19 NUTRITION FOR FOALS The foal and growing horse have undeveloped cecal and colonic digestion as compared to the adult horse. There is very little microbial digestion before three months of age. Therefore, the foal requires a diet low in fiber and easily digested in the fore gut. Foals who are seen eating their mothers manure are thought to be obtaining a bacterial culture necessary for future microbial digestion

20 Equine Internal Parasites
Where they live………. How to find them……. Fecal Egg Count

21 Large Roundworms Botfly Larvae Small Strongyles Bloodworms Tapeworms

•Dull, rough haircoat •Lethargy (decreased energy) or depression •Decreased stamina •Unthriftiness or loss of condition •Slowed growth in young horses •Pot belly (especially in young horses) •Colic •Diarrhea

Clean Water To maintain proper hydration levels To protect from ingestion of mycotoxins Balanced Vitamins / Minerals For absorption / utilization of nutrients Enzymes To allow for digestion of feed/ forage Active Probiotics To Promote/ Maintain gut health Electrolytes To Maintain proper hydration levels Protein To Promote / maintain optimal body condition Fiber To optimize Fermentation Fat To provide “cool” energy/ optimal body condition Carbohydrates (Non-structural) To control Starch/ Sugar Supplements To address specific health-related concerns Worming Program To protect your horse from internal damage Annual Dental Check To promote proper digestion

24 To build a Happy, Healthy and “Willing Partner”……

A vitamin and mineral premix should be specific for the classification of horse (age, reproduction status, workload, etc). The key to using vitamin and mineral supplements is to incorporate them to “balance the diet” and to avoid over-supplementation. NOTE: Overfeeding vitamin and mineral supplements may create an imbalance in the amount of vitamins and minerals in your horse’s diet and can be toxic.

If your horse is primarily receiving its nutrition from hay, then you should consider a supplement that balances for the vitamins, minerals and nutrients that may not be present or may have leached out of the hay. **The longer the hay has been stored the lower the nutritional content will be**. NOTE: Obtaining a Hay Analysis is helpful when confirming the vitamins/ minerals in the forage and the deficiencies that exist.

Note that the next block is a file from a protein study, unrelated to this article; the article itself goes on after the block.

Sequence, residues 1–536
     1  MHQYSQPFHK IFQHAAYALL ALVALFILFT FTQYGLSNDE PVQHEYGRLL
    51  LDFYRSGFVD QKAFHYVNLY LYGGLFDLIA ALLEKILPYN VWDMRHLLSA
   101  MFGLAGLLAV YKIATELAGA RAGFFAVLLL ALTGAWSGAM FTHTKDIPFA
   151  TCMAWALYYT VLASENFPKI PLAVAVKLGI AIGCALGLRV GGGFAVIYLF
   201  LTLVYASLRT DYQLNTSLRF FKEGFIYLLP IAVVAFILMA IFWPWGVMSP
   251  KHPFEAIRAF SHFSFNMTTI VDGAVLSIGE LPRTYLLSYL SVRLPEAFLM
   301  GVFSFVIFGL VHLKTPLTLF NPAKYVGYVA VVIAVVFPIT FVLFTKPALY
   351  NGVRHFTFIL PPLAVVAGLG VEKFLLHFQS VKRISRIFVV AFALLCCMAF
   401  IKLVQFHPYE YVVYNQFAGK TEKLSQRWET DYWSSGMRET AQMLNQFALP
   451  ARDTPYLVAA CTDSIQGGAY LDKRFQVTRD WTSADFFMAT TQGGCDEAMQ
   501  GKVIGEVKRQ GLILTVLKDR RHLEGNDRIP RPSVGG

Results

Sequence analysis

27 Equi-Ferm XL is a Pre-Biotic and Pro-Biotic in all Tribute Equine Nutrition Feeds.
Equi-Ferm XL works by: Stabilizing digestive flora Improving fiber digestion Maximizing the absorption of key nutrients Source of essential amino acids Equi-Ferm XL is a micro-encapsulated live yeast (reaches the hindgut in the active form), a rich source of metabolites to improve your horses feed and fiber digestion. This powerful combination enhances digestive functions so the horse gets the most out of everything it eats. This strain has been screened and selected from thousands of other strains for it’s capacity for improved digestive function and animal performance. It has been validated by leading research centers and in more then 50 scientific publications. EQUI-FERM XL will propel the performance and overall well-being of your horse to the next level.

To be used as a “TOP DRESS” or as a RATION BALANCER…. To add an Active Pro-biotic and “fill the gaps in the forage” or “bulk feed” program.


30 Your Horse’s Nutrition Plan is based on:
EVERY HORSE IS DIFFERENT……..What is the “RIGHT PLAN?” for yours?? Your Horse’s Nutrition Plan is based on: Body Condition Activity Level Age / Breed/ Reproduction Needs Special Conditions (ie: Cushings, etc.) Training/ Performance Needs Type of Forage the Horse is fed Owners Budget Feeding Schedule/ Arrangement

31 We specialize in developing the “Right Plan” for your Budget and your Horse (s)……..
What’s included: Individual Body Condition Scoring Performance/ Activity Level – “Goals Based Analysis” Review of Specific Needs/ Special Conditions Feed Cost Calculators (comparison of different options) Consultation with your Vet or Farrier as needed Customized Rations offered thru our Certified Equine Nutritionist Liaison with Coach/ Trainer / Owners Correspondence with Saddle Fitter/ Maker to discuss goals with relation to body condition. We are here to help protect the “health of your horse” and “your investment” in your Equine Partners and Equestrian Pursuits………